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New property assessments will arrive soon

Washington County residential properties that last were assessed three years ago have dropped an average of 22 percent

Washington County residential properties that last were assessed three years ago have dropped an average of 22 percent

December 29, 2009|By ANDREW SCHOTZ

WASHINGTON COUNTY -- New property assessments, reflecting an historic drop in residential values, were to be mailed to one-third of Washington County's property owners Tuesday.

Washington County residential properties that last were assessed three years ago have dropped an average of 22 percent, according to the Maryland Department of Assessments and Taxation.

The county's commercial property values, though, have gone up 2.7 percent during that period, department data shows.

The new values go into effect Jan. 1, 2010.

Statewide, residential values in the latest round of reassessments are down 19.7 percent over three years, while commercial values are up 5 percent.

The residential decline is the largest the state has seen since the Department of Assessments and Taxation began in the 1970s, said Robert Young, the department's deputy director.

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Young said he thinks somewhere around 50 percent of the state's residential property values declined during the 1970s drop. In the new reassessment, 93 percent of the state's residential values dropped.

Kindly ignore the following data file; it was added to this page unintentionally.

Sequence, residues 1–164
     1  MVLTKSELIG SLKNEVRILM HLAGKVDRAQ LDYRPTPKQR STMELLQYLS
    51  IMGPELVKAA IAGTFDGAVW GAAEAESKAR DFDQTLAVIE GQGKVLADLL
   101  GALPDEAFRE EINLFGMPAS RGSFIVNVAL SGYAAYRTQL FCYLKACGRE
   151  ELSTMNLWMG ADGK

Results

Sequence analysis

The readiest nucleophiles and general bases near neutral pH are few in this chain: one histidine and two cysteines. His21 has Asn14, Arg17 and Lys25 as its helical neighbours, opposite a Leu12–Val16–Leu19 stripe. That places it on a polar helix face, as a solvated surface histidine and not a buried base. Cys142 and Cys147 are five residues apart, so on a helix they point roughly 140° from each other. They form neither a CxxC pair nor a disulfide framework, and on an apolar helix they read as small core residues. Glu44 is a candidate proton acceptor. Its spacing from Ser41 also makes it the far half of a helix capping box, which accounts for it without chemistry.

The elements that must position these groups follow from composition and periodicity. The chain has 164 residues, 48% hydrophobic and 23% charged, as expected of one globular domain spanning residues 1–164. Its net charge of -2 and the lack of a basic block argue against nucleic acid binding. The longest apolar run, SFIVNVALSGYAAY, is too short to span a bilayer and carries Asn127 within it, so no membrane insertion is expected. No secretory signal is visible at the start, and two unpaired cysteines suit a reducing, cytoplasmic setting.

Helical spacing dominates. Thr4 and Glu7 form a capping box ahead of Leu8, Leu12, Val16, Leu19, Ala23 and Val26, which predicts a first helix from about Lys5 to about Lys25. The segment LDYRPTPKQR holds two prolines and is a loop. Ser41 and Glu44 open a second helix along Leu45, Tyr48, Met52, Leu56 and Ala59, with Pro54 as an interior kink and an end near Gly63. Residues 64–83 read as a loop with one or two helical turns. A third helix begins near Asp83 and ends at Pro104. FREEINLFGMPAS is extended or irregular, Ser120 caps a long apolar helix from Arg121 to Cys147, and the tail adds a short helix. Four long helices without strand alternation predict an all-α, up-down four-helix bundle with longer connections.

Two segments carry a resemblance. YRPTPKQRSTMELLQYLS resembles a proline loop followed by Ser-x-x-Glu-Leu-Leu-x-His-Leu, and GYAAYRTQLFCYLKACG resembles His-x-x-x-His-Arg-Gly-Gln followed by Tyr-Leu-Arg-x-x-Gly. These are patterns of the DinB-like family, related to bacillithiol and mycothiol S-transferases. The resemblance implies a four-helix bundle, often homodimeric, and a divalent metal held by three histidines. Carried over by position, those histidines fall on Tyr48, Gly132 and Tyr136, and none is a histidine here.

At 99.54 percent, Washington County was topped by only two other counties.

In Maryland, properties are reassessed every three years, about one third at a time.

The roughly 20,500 residential and 1,200 commercial property values mailed Tuesday were for eastern and northern parts of Washington County, such as Cascade, Smithsburg, Longmeadow, Fountain Head and Boonsboro, according to Adam Lewis, the assistant supervisor of the Department of Assessments and Taxation's local office.

The newest values show how deeply the housing market has fallen.

In 2006, when the market was peaking, Maryland property values -- residential and commercial combined -- were up 60.2 percent from the last reassessment.

The increases dwindled to 33.2 percent in 2008, then 0.8 percent for 2009.

Now, 2010 values are down 16.1 percent since the last reassessment.

Officials are reminding property owners to apply for a Homestead Tax Credit, which limits assessment increases for tax purposes. People who live on property they own are eligible.

State law says the taxable value of property can go up a maximum of 10 percent in one year.

Municipalities may set lower caps. Washington County's is 5 percent.

Lewis said the cap is a bigger factor in controlling local property taxes, which are larger than state property taxes.

Washington County's property tax rate is 94.8 cents per $100 of assessed value, Lewis said. The state property tax rate is 11.2 cents per $100 of assessed value.

Applying for homestead credit



Under state law, annual increases in Marylanders' taxable property value are capped.

The limit is 10 percent statewide. Washington County's cap, for figuring local property taxes, is 5 percent.

To receive the credit, property owners must file a one-time Homestead Tax Credit Eligibility Application.

People who live on property they own are eligible.

Applications may be filed at https://sdathtc.resiusa.org/homestead.

The Washington County office of the state Department of Assessments and Taxation can be reached at 301-791-3050.

The office will be open Wednesday, but closed Thursday as part of state budget cuts and Friday because of the holiday.

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